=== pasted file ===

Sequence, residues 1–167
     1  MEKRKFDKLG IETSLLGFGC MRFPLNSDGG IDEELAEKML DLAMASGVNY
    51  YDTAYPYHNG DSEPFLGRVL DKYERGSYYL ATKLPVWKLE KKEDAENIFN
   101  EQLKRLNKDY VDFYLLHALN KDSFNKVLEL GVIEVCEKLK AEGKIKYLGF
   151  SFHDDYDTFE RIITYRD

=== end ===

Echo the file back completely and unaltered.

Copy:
Sequence, residues 1–167
     1  MEKRKFDKLG IETSLLGFGC MRFPLNSDGG IDEELAEKML DLAMASGVNY
    51  YDTAYPYHNG DSEPFLGRVL DKYERGSYYL ATKLPVWKLE KKEDAENIFN
   101  EQLKRLNKDY VDFYLLHALN KDSFNKVLEL GVIEVCEKLK AEGKIKYLGF
   151  SFHDDYDTFE RIITYRD